Mohanty BK, et al. (2009) Contrasting roles of checkpoint proteins as recombination modulators at Fob1-Ter complexes with or without fork arrest. Eukaryot Cell 8(4):487-95
Abstract: The replication terminator protein Fob1 of S. cerevisiae specifically interacts with two tandem Ter sites (replication fork barriers or RFBs) located in the non-transcribed spacer of rDNA to cause polar fork arrest. The Fob1-Ter complex is multifunctional and controls other DNA transactions such as recombination, by multiple mechanisms. Here, we report on the regulatory roles of the checkpoint proteins on the initiation and progression of recombination at Fob1-Ter complexes. The checkpoint adapter proteins Tof1 and Csm3 either positively or negatively controlled recombination depending on whether it was provoked by polar fork arrest or by transcription, respectively. The absolute requirements for these proteins for inducing recombination at an active replication terminus most likely masked their negative modulatory role at a later step of the process. Other checkpoint proteins of the checkpoint adapter/ mediator class such as Mrc1 and Rad9 that channel signals from the sensor to the effecter kinase, tended to suppress recombination at Fob1-Ter complexes regardless of how it was initiated. We have also discovered that the checkpoint sensor kinase Mec1 and the effecter Rad53 were positive modulators of recombination initiated by transcription but had little effect on recombination at Ter. The work also showed that the two pathways were Rad52-dependent but Rad51-independent. Since Ter sites occur in the intergenic spacer of rDNA from yeast to man, the mechanism is likely to be of widespread occurrence.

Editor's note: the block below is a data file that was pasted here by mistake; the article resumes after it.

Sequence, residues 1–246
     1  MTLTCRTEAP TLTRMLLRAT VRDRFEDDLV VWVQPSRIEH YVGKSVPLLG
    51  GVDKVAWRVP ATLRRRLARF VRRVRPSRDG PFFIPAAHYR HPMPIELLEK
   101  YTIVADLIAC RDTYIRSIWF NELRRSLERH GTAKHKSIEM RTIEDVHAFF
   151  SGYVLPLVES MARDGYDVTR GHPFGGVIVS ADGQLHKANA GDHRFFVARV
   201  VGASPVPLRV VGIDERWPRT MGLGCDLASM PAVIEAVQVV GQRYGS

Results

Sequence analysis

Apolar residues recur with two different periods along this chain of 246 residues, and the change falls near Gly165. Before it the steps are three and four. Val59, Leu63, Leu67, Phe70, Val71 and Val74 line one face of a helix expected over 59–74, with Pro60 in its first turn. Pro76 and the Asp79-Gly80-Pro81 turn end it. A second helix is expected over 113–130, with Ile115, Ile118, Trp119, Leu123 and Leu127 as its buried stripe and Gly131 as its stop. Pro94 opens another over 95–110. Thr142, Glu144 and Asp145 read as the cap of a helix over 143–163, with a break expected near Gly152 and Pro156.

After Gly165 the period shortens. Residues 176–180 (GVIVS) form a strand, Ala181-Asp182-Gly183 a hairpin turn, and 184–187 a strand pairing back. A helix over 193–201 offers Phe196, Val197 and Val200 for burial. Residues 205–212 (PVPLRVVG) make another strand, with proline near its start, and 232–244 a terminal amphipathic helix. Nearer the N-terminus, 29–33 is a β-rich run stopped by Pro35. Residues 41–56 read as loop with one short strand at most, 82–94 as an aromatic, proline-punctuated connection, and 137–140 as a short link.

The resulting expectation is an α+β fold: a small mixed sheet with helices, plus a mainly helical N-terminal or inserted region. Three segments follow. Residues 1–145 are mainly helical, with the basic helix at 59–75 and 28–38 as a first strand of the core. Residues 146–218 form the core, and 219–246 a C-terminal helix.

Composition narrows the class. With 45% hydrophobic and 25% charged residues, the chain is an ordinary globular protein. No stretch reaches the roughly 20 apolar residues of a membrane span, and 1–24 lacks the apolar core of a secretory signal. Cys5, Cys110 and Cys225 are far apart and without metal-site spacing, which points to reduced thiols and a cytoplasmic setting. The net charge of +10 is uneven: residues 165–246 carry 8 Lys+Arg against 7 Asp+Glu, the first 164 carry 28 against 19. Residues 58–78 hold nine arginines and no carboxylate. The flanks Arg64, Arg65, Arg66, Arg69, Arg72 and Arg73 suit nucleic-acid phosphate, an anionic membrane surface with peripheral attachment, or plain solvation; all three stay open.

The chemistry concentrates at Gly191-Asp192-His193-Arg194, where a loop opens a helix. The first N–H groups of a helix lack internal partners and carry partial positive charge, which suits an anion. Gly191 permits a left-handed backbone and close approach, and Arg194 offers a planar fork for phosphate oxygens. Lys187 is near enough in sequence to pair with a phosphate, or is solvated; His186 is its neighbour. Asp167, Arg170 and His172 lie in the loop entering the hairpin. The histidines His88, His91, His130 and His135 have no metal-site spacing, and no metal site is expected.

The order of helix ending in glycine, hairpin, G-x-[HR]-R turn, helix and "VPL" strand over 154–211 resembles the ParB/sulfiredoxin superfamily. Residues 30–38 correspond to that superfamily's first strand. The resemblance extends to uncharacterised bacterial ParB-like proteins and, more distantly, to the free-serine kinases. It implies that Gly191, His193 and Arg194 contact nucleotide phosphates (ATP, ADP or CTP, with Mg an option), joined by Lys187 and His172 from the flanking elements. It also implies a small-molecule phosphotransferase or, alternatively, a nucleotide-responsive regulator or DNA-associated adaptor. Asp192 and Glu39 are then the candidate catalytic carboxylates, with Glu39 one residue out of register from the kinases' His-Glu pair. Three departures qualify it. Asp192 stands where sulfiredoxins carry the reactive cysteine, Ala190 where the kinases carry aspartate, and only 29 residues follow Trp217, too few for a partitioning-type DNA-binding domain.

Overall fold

|Status: Published||Type: Journal Article||PubMed ID: 19234097|
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